For me, having grown up on the edge of the South with a grandmother from Georgia, simple Southern fare is reminiscent of home. But my grandmother (and I hope she never reads this) couldn't match what comes out of Willie Mae Seaton's kitchen. Seaton, in her late 80s, cooks without flash or pretension the kind of food, like fried chicken and pork chops, that she grew up eating in Mississippi. Over the 50 years that she's owned her Sixth Ward bar and restaurant, Seaton has become a master craftswoman of Southern cooking.
When I take someone to Willie Mae's Scotch House for the first time, they always hesitate at the front door. An old sign above marks the restaurant. Yet with no hours posted on the solid metal door and the drawn shades hiding any sight of what might be inside, it's not clear if the door leads to a restaurant or someone's home. It might look empty from the street, but on most days nearly all of the half dozen or so tables are full. The small room would feel claustrophobic if the person at the table 3 feet away didn't greet you when you sit and ask about your meal as you eat. At Willie Mae's, it's easy to feel like a visitor at a church social.
A walk past the kitchen and into a dark room with a long bar offers a glimpse of what Willie Mae's was like when people came as much for the scotch as the fried chicken. Black-and-white photos of smiling young couples hang beside the bar. Hand-lettered signs above the bathroom doors say "KING" and "QUEEN." A still-lit jukebox sits in the corner.
Things are quieter now at Willie Mae's Scotch House, which is probably how Seaton wants it. When The Times-Picayune interviewed her in 1999, she would only talk to the paper on the condition that they print neither the address nor the phone number of her restaurant (she didn't want the extra business). Despite her best efforts, Seaton has become famous over the last few years: The Washington Post spotlighted her restaurant, John T. Edge praised her cooking in his book Fried Chicken, and CBS' Sunday Morning brought their cameras here last fall. It's hard for Seaton to keep a low profile when people are saying she makes some of the best fried chicken in America.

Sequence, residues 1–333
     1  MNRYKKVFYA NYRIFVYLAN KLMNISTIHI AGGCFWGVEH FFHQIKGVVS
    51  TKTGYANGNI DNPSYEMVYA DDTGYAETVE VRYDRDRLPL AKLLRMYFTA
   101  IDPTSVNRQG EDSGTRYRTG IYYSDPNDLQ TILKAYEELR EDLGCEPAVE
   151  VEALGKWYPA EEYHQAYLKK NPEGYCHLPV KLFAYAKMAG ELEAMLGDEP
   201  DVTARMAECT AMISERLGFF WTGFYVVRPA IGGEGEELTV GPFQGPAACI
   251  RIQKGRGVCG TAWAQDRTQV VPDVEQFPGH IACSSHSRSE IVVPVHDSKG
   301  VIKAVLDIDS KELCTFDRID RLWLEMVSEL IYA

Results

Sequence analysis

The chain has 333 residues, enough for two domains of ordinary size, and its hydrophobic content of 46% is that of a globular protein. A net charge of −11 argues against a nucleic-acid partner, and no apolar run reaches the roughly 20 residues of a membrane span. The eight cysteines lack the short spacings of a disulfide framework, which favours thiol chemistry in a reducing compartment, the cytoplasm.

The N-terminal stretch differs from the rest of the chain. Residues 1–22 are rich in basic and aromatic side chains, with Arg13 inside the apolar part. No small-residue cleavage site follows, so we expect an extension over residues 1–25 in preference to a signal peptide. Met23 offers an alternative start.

Seaton's moist fried chicken is covered in a delicate batter, which clings to the bird like a second skin and builds up in spots like crisp bits of crumpled paper. A pleasant saltiness was the only seasoning I tasted, which made me glad I had ordered a big glass of fresh-squeezed lemonade. It's not intuition but skill that produces near-perfect fried chicken, and I've seen Seaton carefully examining individual wings and breasts before she sends them out.
The small menu at Willie Mae's also includes a tender pork chop with a sandy, copper-colored breading, stewed chicken on Thursdays, and white beans every Monday and Wednesday. The fried chicken and veal chop stand out from the rest, but everything is excellent. Dishes are served with rice and a choice of red beans or green beans. I would opt every time for the red beans, which can be spiced with the bottles of Tabasco, Crystal and Louisiana hot sauces on each table. The fried chicken can also be ordered as a plate with a salad and French fries, which are cut wide and taste like little slivers of baked potato. The waitress told me that Seaton makes desserts when she feels like it -- she was never in the mood, unfortunately, on the days when I ate there. In New Orleans, plenty of restaurants have survived for half a century. When I eat at those places, I always wonder what has changed over the years. As one chef after another moves through the kitchen, what new dishes have been created and what personal touches have been added to the classics? At Willie Mae's Scotch House, where the same hands have gripped the pots and frying pans since the doors first opened, you can be sure that the fried chicken, the red beans and the veal chops haven't changed in decades.